COMMUNITY FORUM

mavrick

04:12PM | 01/30/03
Member Since: 01/29/03
3 lifetime posts
Bvmisc
Can anyone tell me if the problem I am having is truss lift and how to fix the problem. Around November for the past two years certain parts of my house will open large cracks. The problem areas are mostly in the bar area of my kitchen. The bar area goes all the way to the ceiling. The wall literally looks like it is seperating from the ceiling to a crack of about 3/8 of an inch. Also the center wall of the kitchen will do the same. And the kitchen counter and bathroom vanity will open these cracks along the vanity and splash guards. Is the center of my house sinking in the winter? Or is it truss lift? It only does this in the winter months and all closes back up in the summer. I have also found out that there is water leaking in under my house in between the footer and bottom concrete block. Could this be causing the problem? If so then why do the cracks close up in the summer? When I bought the house I had it inspected and the inspector said nothing about this and it was not on the seller disclosure. After being in the house for 6 months I started having this problem. What should I do?

Chad

GlennG

04:00AM | 02/04/03
Hello Chad,

There are many possible explanations for what is happening:


  • Materials tend to shrink in cold weather
  • If you have forced air heat it will dry the wood causing it to shrink unless you are using a humidifier
  • Expansion/contraction from temperature changes inside the house
  • Foundation settlement or movement

Foundation settlement or movement could be caused by:

  • Freeze/thaw
  • Excessive amounts of water getting under the footing softening the subgrade
  • Soil under the footing drying out and shrinking during long dry spells

And many other possibilities too numerous to mention, but I would say the chances of foundation movement are far greater than truss lift unless you live in a very high wind zone or have very large roof overhangs.

The disclosure laws vary from state to state so I would suggest getting some legal advice from an attorney. If the previous owner was unaware of the water problem you may not have a case unless you can prove otherwise. Even a home inspector would not notice this problem unless he found water present during the inspection.

If you need assistance in making any of these repairs, contact me in the “Expert Advice” section.

Glenn

[This message has been edited by GlennG (edited February 04, 2003).]

Drak

03:03AM | 03/18/03
Member Since: 02/07/03
13 lifetime posts
Just a wild guess on the drywall cracking. Maybe the drywall guy nailed the drywall close to the seams between the wall and the ceilings not allowing the seam to float properly. If the corners float, the drywall will flex and the taped seams will hold and cracking should not occur. Wood shinks and swells. That is just the nature of wood. I am not saying your case is not excessive and you should have the water problem looked into.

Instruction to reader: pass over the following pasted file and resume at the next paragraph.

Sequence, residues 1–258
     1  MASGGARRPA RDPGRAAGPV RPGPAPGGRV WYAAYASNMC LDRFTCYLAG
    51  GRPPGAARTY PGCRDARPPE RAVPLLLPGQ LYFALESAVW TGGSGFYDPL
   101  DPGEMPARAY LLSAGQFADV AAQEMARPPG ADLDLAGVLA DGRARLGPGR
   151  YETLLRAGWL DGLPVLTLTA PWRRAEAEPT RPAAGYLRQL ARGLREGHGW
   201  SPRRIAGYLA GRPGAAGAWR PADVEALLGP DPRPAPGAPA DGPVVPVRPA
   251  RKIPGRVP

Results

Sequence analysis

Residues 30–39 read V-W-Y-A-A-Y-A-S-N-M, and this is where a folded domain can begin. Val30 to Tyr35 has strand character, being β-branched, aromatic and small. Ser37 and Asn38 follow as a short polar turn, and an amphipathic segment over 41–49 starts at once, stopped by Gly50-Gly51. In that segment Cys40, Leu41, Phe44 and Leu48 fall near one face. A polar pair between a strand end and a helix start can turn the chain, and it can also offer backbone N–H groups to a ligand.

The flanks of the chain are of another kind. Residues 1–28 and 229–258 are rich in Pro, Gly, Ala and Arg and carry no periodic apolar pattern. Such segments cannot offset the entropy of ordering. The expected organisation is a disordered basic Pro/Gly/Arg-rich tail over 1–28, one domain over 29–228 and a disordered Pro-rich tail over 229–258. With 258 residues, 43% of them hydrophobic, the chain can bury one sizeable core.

Just a thought?
Drak

BV000555

07:09PM | 03/09/13
Can you hear truss lift?
I live in a townhouse and I can hear popping noises in my ceiling when I'm 62 downstairs. There isn't an attic upstairs as my house has high ceilings.
My townhouse was built in 1992 and I bought it 4 months ago.
Click_to_reply_button
Inspiration_banner

INSPIRATION GALLERY



Post a reply as Anonymous

Photo must be in JPG, GIF or PNG format and less than 5MB.

Reply_choose_button

captcha
type the code from the image

Anonymous

Post_new_button or Login_button
Register

Colorful, useful, and fun, these tire planters form the foundation for a delightful container garden. Just spray-paint old... Reused steel windows create an eye-catching splashguard in this walk-in shower. The vintage factory windows bring an inter... A galvanized steel tub is a surprising but charming fixture in this bright and breezy screened patio. It's perfect for was... If you're not crazy about the idea of commingling plants and pool, this modern variation may be more to your liking. The s... Yes, a freestanding garage can become its own tiny house. Artist Michelle de la Vega has all the comforts of a modern resi... If you lack plumbing skills but have a good sturdy tree, here's the easiest outdoor shower solution of all: Simply attach... Pursue what's known as the stack effect. To achieve it, open the windows on both the upper and lower floors, and as warm a... How do you like this smart use for an old bottle? Clamp an empty wine bottle to a fence or wall near your outdoor deck or ... Simple and striking, a couple of pieces of "lovingly used" furniture creates a special kind of charm. A weathered chair fo... Twine lanterns add pops of crafty—but sophisticated—flair to any outdoor setting. Wrap glue-soaked twine around a balloon ... When securely fastened to a tree or the ceiling of a porch, a pallet and some cushioning make the ideal place to lounge. V... Incorporate nature into your lighting scheme by securing a dead tree in a concrete mold and draping your pendant lamp from... For the cost of a can of exterior paint , you can totally transform your porch. Paint the floor a hue that complements yo... In this urban apartment, a standard-issue patio became a serene and green perch by replacing the typical concrete with gro... This garden shed has been decked out to the nines. Designer Orla Kiely created the intimate home for a flower trade show, ...
Follow_banner_a
Newsletter_icon Google_plus Facebook Twitter Pinterest Youtube Rss_icon
 
webapp2